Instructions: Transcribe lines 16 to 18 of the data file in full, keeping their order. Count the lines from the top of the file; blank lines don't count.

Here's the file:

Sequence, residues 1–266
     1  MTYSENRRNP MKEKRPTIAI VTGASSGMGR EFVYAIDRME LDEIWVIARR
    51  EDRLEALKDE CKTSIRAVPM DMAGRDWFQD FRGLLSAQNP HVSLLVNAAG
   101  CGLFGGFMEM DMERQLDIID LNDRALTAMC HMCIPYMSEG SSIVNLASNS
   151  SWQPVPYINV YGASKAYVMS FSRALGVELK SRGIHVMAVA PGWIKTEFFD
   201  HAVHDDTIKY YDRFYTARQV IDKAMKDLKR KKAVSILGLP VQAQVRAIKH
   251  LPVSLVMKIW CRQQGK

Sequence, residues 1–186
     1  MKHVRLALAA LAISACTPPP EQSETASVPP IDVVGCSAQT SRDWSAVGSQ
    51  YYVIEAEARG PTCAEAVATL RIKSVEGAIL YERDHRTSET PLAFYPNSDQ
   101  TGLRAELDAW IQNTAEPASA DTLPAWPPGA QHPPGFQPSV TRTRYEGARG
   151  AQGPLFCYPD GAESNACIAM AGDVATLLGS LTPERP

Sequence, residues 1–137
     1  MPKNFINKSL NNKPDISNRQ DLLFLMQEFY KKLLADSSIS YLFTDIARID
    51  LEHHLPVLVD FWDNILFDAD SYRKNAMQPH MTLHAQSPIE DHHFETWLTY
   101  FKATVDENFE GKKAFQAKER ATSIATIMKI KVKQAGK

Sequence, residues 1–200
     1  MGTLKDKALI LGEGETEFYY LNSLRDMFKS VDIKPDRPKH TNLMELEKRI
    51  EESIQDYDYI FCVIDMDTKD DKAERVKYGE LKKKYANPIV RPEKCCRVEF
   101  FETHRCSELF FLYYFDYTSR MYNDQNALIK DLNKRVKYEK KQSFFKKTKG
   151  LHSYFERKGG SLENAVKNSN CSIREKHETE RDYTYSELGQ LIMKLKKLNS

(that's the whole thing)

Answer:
   101  FKATVDENFE GKKAFQAKER ATSIATIMKI KVKQAGK

Sequence, residues 1–200
     1  MGTLKDKALI LGEGETEFYY LNSLRDMFKS VDIKPDRPKH TNLMELEKRI